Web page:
Executive Briefings

Five Beliefs 'Inhibit' B2B Companies in Their Pricing Strategies

When executives in business-to-business markets think about pricing their products, they often raise the white flag before even stepping onto the battlefield. Over the years, they've accumulated beliefs that limit their pricing effectiveness.   Five beliefs, in particular, have become ingrained in many companies to the point that they seem immovable.

They are:

• Our products are commoditized, so we must accept prevailing prices in the market.

• We can’t respond effectively against new, disruptive business models—much less figure out if we should be the disruptor—without jeopardizing our core business.

• We can’t constrain negotiations without killing the ability of our sales force to close deals.

• We need to maintain legacy channel discounts to motivate our partners, even though those discounts create complexity and obscure our view of profitability.

• It doesn’t matter if our list prices are competitive, because we hit the right price points through heavy, nonstandard discounts.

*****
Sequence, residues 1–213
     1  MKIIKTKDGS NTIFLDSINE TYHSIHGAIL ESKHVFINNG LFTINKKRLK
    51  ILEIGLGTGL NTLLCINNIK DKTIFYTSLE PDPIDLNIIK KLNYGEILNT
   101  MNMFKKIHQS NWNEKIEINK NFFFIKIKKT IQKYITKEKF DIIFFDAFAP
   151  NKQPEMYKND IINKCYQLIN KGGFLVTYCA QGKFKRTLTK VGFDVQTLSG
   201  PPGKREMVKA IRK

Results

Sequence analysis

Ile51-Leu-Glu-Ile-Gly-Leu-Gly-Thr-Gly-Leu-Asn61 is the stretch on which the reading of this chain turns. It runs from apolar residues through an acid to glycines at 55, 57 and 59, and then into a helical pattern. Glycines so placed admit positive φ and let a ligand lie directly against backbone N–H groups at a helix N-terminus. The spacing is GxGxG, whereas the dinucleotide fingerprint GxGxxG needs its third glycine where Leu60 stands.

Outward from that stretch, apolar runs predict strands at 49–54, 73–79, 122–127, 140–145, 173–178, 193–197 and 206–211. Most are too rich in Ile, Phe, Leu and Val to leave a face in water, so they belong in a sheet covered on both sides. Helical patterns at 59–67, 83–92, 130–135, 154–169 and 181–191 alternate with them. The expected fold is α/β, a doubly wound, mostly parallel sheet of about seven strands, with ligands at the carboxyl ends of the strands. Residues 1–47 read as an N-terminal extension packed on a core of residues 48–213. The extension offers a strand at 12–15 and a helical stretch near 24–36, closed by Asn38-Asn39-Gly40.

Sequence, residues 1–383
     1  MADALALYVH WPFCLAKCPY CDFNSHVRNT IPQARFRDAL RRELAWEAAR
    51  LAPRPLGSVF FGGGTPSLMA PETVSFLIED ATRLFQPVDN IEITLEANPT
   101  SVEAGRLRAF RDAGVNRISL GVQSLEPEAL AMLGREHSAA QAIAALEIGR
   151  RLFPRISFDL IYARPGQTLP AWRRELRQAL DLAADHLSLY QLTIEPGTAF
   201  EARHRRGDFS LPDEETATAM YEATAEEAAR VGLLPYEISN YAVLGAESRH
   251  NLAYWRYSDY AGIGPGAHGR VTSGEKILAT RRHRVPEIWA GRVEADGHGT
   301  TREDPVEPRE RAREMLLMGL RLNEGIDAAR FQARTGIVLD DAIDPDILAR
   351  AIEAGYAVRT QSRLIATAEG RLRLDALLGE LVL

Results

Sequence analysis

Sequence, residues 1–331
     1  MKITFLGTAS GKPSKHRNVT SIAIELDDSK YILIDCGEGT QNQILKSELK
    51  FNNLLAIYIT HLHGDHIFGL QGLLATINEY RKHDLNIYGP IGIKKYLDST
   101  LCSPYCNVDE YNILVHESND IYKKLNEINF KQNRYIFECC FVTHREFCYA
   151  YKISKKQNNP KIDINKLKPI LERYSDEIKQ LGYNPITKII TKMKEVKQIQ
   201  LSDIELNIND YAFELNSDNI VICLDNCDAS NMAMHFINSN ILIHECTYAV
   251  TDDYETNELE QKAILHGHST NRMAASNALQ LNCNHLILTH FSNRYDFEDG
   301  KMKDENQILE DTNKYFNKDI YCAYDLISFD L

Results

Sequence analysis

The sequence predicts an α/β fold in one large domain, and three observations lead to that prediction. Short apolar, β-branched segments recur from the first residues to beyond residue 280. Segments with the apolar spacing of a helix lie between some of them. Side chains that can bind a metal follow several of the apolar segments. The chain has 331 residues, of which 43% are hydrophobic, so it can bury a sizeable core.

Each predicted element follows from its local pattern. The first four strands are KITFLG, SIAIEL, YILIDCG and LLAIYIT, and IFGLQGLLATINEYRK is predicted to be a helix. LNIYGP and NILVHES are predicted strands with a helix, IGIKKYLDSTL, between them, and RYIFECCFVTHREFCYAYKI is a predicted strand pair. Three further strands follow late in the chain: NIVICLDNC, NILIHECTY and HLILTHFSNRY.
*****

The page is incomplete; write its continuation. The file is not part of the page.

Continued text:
Fortunately, the experiences of leading companies in markets ranging from chemicals to technology to precision instruments point to several ways to break out of these self-imposed shackles. B2B companies usually have far more pricing flexibility than they realize.

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They are:

• Our products are commoditized, so we must accept prevailing prices in the market.

• We can’t respond effectively against new, disruptive business models—much less figure out if we should be the disruptor—without jeopardizing our core business.

• We can’t constrain negotiations without killing the ability of our sales force to close deals.

• We need to maintain legacy channel discounts to motivate our partners, even though those discounts create complexity and obscure our view of profitability.

• It doesn’t matter if our list prices are competitive, because we hit the right price points through heavy, nonstandard discounts.

Fortunately, the experiences of leading companies in markets ranging from chemicals to technology to precision instruments point to several ways to break out of these self-imposed shackles. B2B companies usually have far more pricing flexibility than they realize.

Read Full Article